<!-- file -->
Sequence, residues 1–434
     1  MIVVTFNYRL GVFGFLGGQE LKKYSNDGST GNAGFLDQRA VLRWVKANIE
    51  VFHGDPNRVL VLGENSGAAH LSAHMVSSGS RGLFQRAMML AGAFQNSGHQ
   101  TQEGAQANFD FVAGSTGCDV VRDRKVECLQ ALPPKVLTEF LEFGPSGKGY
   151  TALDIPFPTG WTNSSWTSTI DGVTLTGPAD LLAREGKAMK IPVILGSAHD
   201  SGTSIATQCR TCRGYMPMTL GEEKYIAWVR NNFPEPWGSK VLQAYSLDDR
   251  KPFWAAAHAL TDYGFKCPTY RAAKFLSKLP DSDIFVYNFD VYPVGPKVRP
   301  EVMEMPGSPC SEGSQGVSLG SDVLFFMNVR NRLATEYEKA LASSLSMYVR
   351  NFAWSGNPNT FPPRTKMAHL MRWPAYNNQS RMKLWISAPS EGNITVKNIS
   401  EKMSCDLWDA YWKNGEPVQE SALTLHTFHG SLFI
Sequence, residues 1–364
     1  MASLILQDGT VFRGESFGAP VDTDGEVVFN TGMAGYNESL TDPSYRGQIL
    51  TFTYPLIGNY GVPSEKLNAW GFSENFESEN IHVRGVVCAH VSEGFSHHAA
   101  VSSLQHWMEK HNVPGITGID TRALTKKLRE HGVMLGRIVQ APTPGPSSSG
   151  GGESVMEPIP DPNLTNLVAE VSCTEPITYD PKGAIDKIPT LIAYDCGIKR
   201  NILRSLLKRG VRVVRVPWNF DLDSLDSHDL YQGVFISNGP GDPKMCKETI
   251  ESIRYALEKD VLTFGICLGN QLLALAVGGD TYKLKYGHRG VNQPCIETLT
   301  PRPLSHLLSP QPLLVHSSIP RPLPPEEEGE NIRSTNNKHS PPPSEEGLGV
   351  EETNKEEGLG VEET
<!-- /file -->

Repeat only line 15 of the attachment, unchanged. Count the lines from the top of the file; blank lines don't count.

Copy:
   151  GGESVMEPIP DPNLTNLVAE VSCTEPITYD PKGAIDKIPT LIAYDCGIKR